The principal corporate governance campaigns of the past decade have reached a plateau in terms of both investor commitment and implementation. These governance issues (such as majority voting, de-classifying staggered boards, eliminating super-majority votes and executive compensation excesses) are not by any means going away. Indeed, there are concerted investor-led efforts to push favored corporate governance “best practices” down the corporate chain to mid-cap and small-cap companies. However, the activist community has clearly won the policy battles surrounding these governance principles, and their “sizzle” is dissipating.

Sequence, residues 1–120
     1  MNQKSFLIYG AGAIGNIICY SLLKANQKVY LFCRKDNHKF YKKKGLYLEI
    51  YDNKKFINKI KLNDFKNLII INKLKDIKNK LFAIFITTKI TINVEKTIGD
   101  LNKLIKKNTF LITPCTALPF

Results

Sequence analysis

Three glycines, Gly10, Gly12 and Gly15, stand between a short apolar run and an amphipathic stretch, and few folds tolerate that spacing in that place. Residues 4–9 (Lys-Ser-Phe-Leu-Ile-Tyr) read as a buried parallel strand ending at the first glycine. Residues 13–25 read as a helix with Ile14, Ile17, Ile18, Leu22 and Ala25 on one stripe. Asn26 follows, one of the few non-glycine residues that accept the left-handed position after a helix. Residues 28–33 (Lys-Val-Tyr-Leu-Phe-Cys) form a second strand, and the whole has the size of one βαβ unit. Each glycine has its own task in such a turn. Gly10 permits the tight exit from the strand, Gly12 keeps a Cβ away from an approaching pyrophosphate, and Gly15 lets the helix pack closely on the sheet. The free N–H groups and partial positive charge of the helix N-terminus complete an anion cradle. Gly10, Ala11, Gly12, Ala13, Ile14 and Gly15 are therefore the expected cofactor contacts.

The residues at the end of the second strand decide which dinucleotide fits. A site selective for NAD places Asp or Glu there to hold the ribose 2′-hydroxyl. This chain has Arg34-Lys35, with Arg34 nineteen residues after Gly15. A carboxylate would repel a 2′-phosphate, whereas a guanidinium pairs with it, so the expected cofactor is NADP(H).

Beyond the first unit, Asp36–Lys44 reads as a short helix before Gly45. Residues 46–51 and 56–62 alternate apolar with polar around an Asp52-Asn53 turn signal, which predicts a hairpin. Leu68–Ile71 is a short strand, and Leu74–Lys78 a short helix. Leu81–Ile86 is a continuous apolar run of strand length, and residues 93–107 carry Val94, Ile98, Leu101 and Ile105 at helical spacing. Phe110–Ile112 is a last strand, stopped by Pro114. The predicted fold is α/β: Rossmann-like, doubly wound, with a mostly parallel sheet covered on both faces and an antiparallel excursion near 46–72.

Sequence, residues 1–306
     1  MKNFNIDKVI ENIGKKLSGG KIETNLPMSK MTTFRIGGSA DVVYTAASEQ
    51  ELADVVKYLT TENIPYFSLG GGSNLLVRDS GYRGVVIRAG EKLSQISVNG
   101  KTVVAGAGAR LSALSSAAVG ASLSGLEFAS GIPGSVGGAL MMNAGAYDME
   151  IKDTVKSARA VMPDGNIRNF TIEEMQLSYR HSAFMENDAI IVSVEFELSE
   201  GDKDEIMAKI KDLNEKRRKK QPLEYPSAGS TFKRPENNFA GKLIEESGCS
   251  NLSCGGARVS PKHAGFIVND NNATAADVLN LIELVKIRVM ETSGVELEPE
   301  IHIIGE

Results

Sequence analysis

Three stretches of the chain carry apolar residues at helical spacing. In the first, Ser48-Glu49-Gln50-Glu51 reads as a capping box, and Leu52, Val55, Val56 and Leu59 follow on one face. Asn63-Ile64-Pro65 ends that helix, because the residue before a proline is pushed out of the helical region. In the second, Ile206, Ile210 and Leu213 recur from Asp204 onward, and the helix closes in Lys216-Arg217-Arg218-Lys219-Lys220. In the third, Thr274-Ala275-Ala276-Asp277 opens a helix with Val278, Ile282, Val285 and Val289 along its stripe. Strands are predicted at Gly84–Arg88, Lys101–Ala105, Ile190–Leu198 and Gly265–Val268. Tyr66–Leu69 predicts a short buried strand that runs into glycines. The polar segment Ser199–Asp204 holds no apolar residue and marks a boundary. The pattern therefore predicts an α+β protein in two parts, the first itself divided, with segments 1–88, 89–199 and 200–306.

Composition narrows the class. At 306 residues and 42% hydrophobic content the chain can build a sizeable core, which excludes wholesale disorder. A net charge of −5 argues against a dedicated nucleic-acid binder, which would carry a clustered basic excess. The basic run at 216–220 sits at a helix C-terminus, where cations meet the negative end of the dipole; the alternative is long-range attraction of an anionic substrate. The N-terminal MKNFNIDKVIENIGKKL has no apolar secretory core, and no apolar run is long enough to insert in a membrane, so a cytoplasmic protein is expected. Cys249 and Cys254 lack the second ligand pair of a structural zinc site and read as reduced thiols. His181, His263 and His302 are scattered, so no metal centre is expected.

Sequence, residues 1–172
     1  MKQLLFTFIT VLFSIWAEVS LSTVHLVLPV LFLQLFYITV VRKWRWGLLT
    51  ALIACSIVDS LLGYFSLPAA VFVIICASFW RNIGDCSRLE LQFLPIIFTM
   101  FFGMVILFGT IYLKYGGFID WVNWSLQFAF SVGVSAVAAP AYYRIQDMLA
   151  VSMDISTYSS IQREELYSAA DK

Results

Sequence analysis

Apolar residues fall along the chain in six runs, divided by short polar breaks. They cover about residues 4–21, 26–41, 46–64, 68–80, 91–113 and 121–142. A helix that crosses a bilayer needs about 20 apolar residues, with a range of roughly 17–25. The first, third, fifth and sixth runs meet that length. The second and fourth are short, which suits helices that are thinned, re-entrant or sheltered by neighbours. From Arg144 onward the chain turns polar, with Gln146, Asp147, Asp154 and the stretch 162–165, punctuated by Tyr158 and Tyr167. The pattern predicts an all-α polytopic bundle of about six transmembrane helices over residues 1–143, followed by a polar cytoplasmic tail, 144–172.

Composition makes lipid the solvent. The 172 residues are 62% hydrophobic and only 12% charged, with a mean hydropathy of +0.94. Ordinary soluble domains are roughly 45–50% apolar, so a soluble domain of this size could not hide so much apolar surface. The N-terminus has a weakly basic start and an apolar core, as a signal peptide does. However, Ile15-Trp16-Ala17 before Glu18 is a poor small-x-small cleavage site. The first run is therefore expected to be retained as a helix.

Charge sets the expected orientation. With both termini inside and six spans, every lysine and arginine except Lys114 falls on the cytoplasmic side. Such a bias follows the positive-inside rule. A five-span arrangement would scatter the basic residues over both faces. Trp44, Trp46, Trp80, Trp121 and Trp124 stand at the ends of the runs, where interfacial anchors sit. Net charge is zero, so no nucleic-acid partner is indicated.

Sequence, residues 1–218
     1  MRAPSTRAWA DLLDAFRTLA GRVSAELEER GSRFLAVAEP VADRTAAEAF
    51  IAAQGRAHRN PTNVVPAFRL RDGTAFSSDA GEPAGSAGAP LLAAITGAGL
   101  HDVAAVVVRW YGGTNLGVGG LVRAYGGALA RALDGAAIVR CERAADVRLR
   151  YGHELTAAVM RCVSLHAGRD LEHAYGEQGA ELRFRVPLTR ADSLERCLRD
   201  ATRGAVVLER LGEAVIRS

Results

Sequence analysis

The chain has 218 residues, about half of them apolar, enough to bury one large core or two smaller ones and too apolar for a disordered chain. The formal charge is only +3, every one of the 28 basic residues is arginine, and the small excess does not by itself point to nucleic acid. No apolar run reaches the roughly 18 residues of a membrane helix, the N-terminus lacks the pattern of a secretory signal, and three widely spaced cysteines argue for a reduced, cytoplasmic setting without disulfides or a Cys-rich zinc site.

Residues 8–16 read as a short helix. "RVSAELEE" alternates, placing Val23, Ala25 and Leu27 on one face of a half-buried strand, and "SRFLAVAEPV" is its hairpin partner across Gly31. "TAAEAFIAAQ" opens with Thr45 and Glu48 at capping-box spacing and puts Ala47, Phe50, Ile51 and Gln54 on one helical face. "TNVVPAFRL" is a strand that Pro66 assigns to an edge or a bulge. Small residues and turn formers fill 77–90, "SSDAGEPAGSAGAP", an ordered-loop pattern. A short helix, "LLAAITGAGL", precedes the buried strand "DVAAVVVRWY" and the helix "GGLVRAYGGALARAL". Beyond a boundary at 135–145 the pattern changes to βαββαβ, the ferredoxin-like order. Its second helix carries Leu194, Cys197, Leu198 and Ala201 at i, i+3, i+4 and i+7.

Policy stasis does not become corporate governance activism, as its very name implies. Corporate governance activists will develop new “green fields” to plow; otherwise they risk becoming irrelevant. The question is not whether corporate governance activists will move on but rather where they will go.
While there are a number of possible new foci, two stand out in particular: